The Election Commission of Sri Lanka, which administers and oversees all elections in the country, has built a reputation for independence in recent years. A member of the three-person commission was at the forefront in petitioning the Supreme Court against the president’s dissolution of Parliament in November 2018. The commissioner’s stance was important, as the controversial attempt by President Sirisena to call early parliamentary elections—part of his effort to replace Prime Minister Wickremesinghe—would have needed the approval of all commission members.

In 2017, after changes to the legal framework for local elections were adopted, the government cited constituency delimitation issues to justify the postponement of the elections. But the chairperson of the election commission declared that he would authorize elections in areas that were not affected by the delimitation concerns, which forced the government to finally hold the elections in all constituencies in February 2018. Analysts attributed the repeated delays to the ruling party’s fear that it would be defeated in the local polls.

Score Change: The score improved from 2 to 3 because the election commission showed independence by holding local council elections despite the government’s efforts to continue postponing them, and by resisting the president’s unconstitutional attempt to call early parliamentary elections.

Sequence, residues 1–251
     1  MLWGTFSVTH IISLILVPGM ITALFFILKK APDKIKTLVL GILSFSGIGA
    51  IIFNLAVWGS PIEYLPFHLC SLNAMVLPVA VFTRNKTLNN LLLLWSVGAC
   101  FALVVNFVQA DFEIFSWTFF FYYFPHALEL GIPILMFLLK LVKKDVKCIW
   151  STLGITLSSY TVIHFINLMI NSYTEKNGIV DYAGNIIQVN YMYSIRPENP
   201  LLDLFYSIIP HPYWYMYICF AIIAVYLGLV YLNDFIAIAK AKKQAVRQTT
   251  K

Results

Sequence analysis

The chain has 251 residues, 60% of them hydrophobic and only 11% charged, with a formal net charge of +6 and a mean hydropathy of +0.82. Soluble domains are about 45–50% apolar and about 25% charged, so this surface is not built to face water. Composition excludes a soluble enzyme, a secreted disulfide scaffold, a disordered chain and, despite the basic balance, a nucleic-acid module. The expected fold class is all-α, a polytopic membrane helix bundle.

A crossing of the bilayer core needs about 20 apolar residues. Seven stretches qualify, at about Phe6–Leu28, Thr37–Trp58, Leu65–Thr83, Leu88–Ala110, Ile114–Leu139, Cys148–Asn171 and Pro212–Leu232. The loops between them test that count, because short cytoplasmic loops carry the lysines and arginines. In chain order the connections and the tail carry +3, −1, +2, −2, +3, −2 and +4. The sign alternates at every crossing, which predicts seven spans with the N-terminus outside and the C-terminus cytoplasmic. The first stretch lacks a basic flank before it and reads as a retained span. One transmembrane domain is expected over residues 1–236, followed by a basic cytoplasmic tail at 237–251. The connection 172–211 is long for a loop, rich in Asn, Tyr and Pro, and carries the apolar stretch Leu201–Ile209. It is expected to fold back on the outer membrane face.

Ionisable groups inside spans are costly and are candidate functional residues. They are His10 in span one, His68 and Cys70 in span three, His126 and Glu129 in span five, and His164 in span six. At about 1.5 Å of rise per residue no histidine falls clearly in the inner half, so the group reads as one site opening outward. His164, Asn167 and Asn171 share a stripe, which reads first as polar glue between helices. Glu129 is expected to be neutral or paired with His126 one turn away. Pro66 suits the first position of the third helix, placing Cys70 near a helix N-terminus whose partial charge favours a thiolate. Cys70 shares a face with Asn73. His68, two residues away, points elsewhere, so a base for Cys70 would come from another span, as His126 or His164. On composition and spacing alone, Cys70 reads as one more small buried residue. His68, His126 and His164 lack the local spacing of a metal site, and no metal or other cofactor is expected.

B. POLITICAL PLURALISM AND PARTICIPATION: 10 / 16

B1.      Do the people have the right to organize in different political parties or other competitive political groupings of their choice, and is the system free of undue obstacles to the rise and fall of these competing parties or groupings? 3 / 4

A range of political parties are able to operate freely and contest elections. The success of the SLPP, founded in 2016 and led by former president Rajapaksa, in the February local council elections demonstrated that new parties can form and operate without significant interference.

However, political debates between parties sometimes involve an element of violence and intimidation, which became apparent during the 2018 constitutional crisis. Among other incidents, Rajapaksa supporters attacked legislators opposed to his appointment as prime minister with chairs and chili powder to prevent them from holding a no-confidence vote in November.